Tennessee State University
Volume II, Issue
Hosts Area Elementary Students
The School Days Tours brought nine
classes of third, fourth and fifth grade students to the ETSU Arboretum
on March 13, 2003. The young visitors learned ways to measure the height
and diameter of large trees from Arboretum outreach coordinator Susan
Antkiewicz and volunteer Charlie Mattioli. Campus Horticulturalist Kathleen
Moore demonstrated proper tree planting techniques in the beds of the
new Veterans Memorial Dwarf Conifer Garden. Arboretum director Foster
Levy introduced some of the giant trees on campus, and co-director Tim
McDowell presented basic tree morphology to the many elementary school
students. Each of the classes was given trees to plant on their school
grounds, and each of the students received arboretum maps and walking
tour brochures. We thank the Forestry Division of the Tennessee Department
of Agriculture and the United States Department of Agriculture for their
support of the School Days Tours through a grant to the ETSU Arboretum.
Thanks also to the participating teachers at Fairmont Elementary School,
Lakeridge Elementary, and the Ashley Academy.
Campus Horticulturalist Kathleen Moore guides students
Fairmont Elementary School, Johnson City, in planting a tree in the new
Veterans Memorial Dwarf Conifer Garden in front of Brooks Gymnasium.
Kathy Glen and her fifth grade class plant the trees they
during their School Days Tour of the ETSU Arboretum
along the woods at Fairmont Elementary School.
Two-Day Teacher Workshop a Big Success
A workshop introducing school teachers to advanced
topics in plant biology through explorations of the tree collections of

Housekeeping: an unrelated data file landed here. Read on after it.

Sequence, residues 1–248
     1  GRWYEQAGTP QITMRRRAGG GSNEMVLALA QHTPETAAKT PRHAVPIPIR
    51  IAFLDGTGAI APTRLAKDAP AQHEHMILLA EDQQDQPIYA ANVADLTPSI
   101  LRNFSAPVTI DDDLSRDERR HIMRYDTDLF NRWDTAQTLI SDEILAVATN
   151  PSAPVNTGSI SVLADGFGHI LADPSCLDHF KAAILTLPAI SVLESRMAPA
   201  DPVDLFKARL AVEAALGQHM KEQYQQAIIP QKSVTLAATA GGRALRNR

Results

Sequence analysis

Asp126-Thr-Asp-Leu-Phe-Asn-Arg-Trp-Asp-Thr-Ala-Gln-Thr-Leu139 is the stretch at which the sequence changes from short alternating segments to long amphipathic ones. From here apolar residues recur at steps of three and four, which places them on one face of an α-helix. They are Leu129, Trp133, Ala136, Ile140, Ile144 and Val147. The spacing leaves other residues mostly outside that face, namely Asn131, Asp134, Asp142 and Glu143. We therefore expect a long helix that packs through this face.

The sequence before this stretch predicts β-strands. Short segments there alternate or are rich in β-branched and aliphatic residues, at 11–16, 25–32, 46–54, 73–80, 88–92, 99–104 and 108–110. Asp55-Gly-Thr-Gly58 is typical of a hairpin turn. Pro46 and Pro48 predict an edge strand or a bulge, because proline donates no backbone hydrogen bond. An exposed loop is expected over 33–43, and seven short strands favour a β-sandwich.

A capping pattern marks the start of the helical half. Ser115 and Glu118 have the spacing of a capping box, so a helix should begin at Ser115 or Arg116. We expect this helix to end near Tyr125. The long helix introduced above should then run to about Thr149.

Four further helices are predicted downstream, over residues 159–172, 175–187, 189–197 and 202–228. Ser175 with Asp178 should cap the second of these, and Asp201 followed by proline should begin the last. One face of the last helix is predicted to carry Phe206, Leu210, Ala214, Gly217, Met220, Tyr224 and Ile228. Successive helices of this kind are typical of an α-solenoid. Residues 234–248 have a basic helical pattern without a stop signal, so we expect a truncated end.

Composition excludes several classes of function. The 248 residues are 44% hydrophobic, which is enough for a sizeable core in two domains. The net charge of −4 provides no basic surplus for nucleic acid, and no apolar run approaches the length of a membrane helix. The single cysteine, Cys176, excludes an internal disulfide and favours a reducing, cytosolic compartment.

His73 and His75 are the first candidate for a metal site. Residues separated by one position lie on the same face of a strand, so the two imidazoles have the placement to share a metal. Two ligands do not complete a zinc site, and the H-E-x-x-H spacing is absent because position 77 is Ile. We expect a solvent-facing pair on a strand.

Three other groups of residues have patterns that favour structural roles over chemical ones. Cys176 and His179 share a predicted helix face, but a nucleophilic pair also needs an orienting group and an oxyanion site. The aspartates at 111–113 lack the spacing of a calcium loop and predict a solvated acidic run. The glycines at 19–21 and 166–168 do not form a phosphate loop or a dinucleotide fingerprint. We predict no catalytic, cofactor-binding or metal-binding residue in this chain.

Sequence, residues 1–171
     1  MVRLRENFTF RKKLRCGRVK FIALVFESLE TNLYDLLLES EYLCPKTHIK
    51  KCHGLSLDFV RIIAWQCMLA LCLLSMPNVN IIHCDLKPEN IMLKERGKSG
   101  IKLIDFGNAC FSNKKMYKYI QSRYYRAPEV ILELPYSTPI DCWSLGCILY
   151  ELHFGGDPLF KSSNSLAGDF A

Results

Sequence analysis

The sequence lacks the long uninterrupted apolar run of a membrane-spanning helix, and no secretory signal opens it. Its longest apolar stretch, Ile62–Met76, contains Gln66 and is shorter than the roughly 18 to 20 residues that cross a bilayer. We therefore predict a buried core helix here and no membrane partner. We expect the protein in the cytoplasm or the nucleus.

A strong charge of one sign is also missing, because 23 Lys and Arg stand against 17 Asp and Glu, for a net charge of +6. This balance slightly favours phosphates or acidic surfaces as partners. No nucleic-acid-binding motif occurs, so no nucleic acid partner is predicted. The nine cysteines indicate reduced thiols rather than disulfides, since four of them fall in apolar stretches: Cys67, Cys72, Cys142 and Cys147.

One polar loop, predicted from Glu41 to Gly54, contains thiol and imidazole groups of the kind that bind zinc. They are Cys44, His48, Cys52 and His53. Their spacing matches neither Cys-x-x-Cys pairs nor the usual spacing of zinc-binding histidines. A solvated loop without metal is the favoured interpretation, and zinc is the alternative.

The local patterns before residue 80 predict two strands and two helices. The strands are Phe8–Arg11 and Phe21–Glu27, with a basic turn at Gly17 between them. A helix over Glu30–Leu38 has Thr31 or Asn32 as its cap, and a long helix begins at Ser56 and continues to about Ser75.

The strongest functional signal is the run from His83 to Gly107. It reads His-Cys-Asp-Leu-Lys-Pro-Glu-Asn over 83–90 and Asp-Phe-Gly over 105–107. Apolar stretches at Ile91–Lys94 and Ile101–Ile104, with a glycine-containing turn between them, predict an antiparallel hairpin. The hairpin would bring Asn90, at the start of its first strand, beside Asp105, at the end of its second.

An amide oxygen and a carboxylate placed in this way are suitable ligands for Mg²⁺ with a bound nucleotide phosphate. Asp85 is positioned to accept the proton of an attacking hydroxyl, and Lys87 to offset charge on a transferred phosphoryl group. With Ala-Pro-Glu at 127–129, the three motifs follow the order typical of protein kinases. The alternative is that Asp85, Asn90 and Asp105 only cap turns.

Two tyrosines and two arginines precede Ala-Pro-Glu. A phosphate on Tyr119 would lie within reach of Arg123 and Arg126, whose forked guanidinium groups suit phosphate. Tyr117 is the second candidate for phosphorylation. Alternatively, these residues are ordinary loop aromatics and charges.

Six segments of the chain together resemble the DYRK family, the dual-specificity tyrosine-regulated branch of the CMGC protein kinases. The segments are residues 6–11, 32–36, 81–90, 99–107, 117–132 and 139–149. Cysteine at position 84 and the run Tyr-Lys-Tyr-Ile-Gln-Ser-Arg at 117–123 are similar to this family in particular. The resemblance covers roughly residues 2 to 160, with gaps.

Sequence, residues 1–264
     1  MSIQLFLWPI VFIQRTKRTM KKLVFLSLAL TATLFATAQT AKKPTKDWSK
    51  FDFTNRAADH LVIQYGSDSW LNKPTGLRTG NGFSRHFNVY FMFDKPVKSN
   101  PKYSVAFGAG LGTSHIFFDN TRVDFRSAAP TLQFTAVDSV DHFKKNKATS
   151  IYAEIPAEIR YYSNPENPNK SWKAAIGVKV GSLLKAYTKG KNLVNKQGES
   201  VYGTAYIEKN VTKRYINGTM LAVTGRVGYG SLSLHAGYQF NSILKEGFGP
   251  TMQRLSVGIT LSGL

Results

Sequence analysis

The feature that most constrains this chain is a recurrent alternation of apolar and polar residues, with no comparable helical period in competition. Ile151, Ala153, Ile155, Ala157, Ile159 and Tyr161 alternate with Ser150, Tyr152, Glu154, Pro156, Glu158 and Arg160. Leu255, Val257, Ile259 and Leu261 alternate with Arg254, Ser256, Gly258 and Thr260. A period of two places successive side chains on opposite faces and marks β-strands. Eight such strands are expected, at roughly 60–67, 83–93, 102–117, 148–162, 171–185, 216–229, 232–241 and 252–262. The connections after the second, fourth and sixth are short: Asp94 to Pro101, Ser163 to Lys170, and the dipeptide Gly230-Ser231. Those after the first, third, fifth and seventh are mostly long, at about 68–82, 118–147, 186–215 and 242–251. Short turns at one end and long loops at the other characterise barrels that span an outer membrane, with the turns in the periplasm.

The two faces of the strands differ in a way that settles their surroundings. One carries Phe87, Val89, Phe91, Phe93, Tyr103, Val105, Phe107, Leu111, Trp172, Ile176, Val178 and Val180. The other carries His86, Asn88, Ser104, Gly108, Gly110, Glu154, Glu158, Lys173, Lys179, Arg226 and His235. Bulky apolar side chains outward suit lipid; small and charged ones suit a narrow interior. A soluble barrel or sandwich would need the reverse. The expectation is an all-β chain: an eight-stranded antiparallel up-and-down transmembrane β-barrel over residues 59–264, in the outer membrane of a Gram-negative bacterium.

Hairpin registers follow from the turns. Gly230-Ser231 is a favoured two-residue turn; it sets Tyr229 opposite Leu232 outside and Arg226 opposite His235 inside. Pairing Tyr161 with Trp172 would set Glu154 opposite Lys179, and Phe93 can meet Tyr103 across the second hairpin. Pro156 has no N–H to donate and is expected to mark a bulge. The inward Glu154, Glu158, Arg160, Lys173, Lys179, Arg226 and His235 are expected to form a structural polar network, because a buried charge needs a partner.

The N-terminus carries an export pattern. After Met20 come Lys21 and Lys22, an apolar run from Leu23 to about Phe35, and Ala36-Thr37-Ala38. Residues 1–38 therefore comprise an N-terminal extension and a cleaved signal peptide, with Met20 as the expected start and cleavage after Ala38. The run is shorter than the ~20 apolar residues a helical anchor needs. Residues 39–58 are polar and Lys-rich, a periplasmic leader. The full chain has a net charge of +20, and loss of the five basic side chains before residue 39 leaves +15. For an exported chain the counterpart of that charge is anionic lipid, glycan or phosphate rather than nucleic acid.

the ETSU Arboretum was conducted on July 18th and 19th. Fourteen teachers
attended the workshop, which ran all day Friday and Saturday. The workshop
focused on the close evolutionary relationships between tree species of
the southeastern United States and their counterpart species in eastern
China, Japan and Korea. The Arboretum now features several pairs of closely
related American and Asian species, such as the Tulip Poplar and its Chinese
sister species (Liriodenron tulipifera and L. chinense), the Ironwood
and its Japanese cousin (Carpinus caroliniana and C. japonica), and closely
related pairs from the dogwoods (Cornus), magnolias (Magnolia), sycamores
(Platanus) and maples (Acer).
Participants used hands-on observations of campus trees to learn the characteristics
of major groups of conifers, finding similarities and differences in leaves,
cones, and bark which distinguish the families Pinaceae (pine, spruce,
fir, larch), Cupressaceae (cypress, arborvitae) and Taxodiaceae (balcypress,
dawn redwood). In another exercise, the workshop participants were presented
with a problem: which of four individual buckeye (Aesculus) trees were
distinct species, and which were interspecific hybrids (crosses) of those
parent species. Working in three groups, the teachers compared diverse
leaf, twig, bark and bud characteristics to select the parent species
and hybrid offspring trees. The exercise utilized four Aesculus specimens
(A. pavia, A. hippocastanum and two A. x carnea hybrid trees) planted
in the ETSU Arboretum during the past two years.
The tree workshop was sponsored by a grant from the Stanley Smith Horticultural
Trust, which also supports the purchase of many Asian and American tree
species pairs for planting at the ETSU Arboretum. Each participating teacher
received a notebook with in-depth information on Asian-American disjunct
plant groups, along with a hand lens and a copy of the classic book "Origin
and cultivation of shade and ornamental trees" by Hui-Lin Li.
Dr. Frosty Levy introduces the inquiry on Buckeyes
to the Teachers Workshop outside of Brown Hall.
Hundreds Attend Arbor Day Celebration
at ETSU Arboretum
An Arbor Day celebration hosted by the ETSU Arboretum
on March 14th was held at Borchuck Plaza in front of the new Sherrod Library.
The event included the presentation by state foresters Steve Roark and
Tom Simpson of a sign designating the ETSU campus as an officially certified
arboretum. Hundreds of people turned out for the big tree giveaway. Over
1200 tree saplings of four species (American Plum, Baldcypress, Persimmon,
and Sawtooth Oak) were given away to the audience of university students,
faculty, staff and local citizens. We look forward to seeing these distinctive
trees growing in our community for years to come!
Dr. Tim McDowell gives tree saplings to students, staff
and the public
at the ETSU Arboretum's Arbor Day celebration.
(Photo by Larry Smith)